Daisy Mae & Old Brother Charlie Arnett
Daisy Mae (Ethel Irene Reddy from St. Louis) and Old Brother Charlie (Charles Erwin Arnett from Chester, West Virginia) met on CBS Radio’s “Renfro Valley Folks” where he was the show’s chief announcer and business manager. After the couple married and moved to Tampa in the late 1940’s, they gained popularity from their morning and evening 15-minute radio shows on WDAE. Their shows also aired over a network of Florida stations, including Orlando’s WHOO. Charlie played honky tonk piano and occasionally delivered a recitation and Daisy Mae sang the songs. They were also well-known from their nationally-distributed records on the Mercury and Columbia labels. After a couple of years appearing and performing in the Bay area, they moved to Charlotte, North Carolina, but the stay there would be a short one.
In 1953, the duo heard about television’s breakthrough in the Tampa Bay area and returned to headline a live Thursday night local country music show called “The Home Folks” on St. Petersburg’s WSUN-TV Channel 38, the first TV station on Florida’s west coast. The show also featured Sanford’s Bobby Lord, then a University of Tampa student, and hometown performer Slim Whitman. After two successful years, the TV show was over, cancelled in 1955 due to a loss of audience after WFLA-TV and WTVT went on the air earlier that year. Up until then, WSUN-TV had a virtual monopoly on local TV viewing.
Undaunted, the two continued with their daily radio programs which now aired on country daytimer WHBO. Within a year, they became players in the successful Tampa mayoral campaign of Nick C. Nuccio. Due to Charlie having worked once for a U.S. Senator from West Virginia, he was now being endorsed by a group of Tampa businessmen to serve as Nuccio’s administrative assistant. However, the appointment didn’t come through and he had his name withdrawn from consideration.
Shortly afterwards, Charlie literally packed up and left town, leaving Daisy Mae behind to continue the radio show solo. To make ends meet, she took modest jobs, including one passing out religious tracts for a church. Fortunately, L.M. Hughey of The Super Test Oil Company (her long-time sponsor) stepped in to underwrite the shows on WHBO and on his Auburndale station, WTWB. Each program began with the song “There’s A Beautiful Home,” a gospel hymn she selected as her theme song. She continued her radio shows until 1966 when she announced plans to cease performing.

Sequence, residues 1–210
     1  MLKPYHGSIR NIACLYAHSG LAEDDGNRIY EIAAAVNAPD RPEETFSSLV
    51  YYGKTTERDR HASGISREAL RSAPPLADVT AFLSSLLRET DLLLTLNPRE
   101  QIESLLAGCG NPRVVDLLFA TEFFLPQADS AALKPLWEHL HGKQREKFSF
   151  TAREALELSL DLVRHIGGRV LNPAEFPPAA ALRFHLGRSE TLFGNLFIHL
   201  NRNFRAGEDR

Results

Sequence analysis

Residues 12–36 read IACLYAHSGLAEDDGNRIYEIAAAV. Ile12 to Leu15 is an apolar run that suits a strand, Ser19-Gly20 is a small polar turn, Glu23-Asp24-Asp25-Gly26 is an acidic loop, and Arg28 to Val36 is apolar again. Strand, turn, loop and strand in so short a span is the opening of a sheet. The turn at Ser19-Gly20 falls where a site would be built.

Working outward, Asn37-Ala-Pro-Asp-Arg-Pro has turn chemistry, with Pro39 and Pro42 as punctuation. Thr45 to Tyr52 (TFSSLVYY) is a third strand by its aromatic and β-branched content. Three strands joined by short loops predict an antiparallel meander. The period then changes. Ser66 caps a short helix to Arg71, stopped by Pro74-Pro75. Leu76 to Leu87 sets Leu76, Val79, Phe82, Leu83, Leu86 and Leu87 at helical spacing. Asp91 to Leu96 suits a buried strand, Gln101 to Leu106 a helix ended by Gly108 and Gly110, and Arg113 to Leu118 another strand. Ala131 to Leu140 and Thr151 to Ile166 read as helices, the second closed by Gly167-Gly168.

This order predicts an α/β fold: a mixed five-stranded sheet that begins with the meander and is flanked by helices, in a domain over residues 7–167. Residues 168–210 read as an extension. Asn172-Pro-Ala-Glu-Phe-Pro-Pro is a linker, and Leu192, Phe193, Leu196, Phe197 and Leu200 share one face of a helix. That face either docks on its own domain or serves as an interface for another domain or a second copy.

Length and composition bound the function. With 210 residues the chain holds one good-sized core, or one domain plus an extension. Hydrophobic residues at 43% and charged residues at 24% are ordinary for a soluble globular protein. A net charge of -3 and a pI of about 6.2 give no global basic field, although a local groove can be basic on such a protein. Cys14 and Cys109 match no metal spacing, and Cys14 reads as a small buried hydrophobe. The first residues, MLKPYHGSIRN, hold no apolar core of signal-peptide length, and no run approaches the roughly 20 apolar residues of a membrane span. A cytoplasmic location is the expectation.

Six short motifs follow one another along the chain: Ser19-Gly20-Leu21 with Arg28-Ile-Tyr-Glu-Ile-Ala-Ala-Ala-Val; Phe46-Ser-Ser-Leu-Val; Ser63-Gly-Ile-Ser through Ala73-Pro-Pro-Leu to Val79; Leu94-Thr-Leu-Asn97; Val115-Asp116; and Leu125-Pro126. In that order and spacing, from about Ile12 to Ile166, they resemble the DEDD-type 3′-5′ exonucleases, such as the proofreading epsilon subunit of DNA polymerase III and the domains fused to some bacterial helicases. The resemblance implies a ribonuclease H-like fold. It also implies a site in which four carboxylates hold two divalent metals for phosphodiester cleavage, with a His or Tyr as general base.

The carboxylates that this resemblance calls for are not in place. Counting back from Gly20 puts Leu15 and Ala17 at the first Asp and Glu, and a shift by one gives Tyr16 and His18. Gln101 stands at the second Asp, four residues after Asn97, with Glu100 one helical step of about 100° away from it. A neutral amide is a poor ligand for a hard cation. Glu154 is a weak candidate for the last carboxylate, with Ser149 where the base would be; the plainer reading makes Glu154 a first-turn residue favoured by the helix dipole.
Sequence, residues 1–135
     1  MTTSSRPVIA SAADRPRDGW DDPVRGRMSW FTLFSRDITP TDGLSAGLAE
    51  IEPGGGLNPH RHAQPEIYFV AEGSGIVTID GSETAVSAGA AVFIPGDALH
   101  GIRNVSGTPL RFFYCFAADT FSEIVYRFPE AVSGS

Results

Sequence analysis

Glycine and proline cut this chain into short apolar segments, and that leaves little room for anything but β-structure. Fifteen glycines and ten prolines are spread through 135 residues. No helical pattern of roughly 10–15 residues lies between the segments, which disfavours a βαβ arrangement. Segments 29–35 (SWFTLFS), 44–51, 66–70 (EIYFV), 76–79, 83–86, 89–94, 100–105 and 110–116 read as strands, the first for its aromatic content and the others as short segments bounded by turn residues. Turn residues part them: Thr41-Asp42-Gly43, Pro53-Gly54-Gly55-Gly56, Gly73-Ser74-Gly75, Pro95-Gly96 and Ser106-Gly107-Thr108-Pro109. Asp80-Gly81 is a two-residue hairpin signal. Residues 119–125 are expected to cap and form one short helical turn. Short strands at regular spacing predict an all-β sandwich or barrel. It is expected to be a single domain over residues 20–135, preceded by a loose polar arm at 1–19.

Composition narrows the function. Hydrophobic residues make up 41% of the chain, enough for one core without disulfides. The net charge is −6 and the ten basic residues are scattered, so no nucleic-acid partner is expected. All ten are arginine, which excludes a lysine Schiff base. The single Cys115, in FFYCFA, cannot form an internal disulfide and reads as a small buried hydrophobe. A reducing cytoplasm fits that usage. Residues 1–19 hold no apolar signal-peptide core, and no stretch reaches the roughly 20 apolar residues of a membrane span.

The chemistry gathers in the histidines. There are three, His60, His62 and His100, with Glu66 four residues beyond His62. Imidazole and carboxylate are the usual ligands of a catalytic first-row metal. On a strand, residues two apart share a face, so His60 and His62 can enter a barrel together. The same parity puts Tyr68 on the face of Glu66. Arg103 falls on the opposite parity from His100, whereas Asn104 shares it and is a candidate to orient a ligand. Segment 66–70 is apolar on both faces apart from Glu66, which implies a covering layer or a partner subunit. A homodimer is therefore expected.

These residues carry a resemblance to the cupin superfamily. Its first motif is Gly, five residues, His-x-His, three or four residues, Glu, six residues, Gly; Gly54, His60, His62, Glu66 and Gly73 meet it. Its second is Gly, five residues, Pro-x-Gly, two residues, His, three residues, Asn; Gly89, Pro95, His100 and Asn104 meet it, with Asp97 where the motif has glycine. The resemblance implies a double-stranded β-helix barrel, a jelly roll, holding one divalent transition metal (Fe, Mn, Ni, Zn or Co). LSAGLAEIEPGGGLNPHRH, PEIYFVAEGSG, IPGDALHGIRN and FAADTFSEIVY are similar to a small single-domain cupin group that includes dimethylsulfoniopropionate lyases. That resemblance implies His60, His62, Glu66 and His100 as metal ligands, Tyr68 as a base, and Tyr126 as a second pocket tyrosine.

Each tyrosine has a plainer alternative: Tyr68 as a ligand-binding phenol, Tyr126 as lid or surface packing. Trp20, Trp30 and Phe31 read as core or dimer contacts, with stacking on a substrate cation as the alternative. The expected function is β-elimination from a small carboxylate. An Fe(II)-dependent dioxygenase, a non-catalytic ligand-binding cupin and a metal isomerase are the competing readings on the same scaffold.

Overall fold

Daisy Mae began performing in St. Louis at the age of 14 and was always career-oriented. She married Joseph Garcia and had a daughter, Bonita Lee, and later tied the knot with Charlie and had another daughter, Sandra Kay. Charlie graduated from high school in 1932 and spent six years in law school in Washington, D.C. He started his radio career three years later at WAJR in Morgantown, South Carolina and then moved on to WMMN in Fairmont as music director. As a team, Charlie and Daisy Mae gained national recognition from their performances on CBS Radio’s “Renfro Valley Folks,” Mutual’s “Shady Valley Folks,” “The WWVA Jamboree,” and from their many record releases.
At the time of Daisy Mae’s death in 1978, she made her home with her mother in Temple Terrace near Tampa and worked as a clerk in a card shop. Charlie passed away January 4, 2000 at Providence Hospital in Columbia, South Carolina at the age of 86.
Anyone interested in obtaining copies of Daisy Mae’s mid-60’s WHBO radio shows on CD can contact Dick Wheeler for complete details at email@example.com.
1948 - 1948 Other Central Florida Stations (On Air Personality)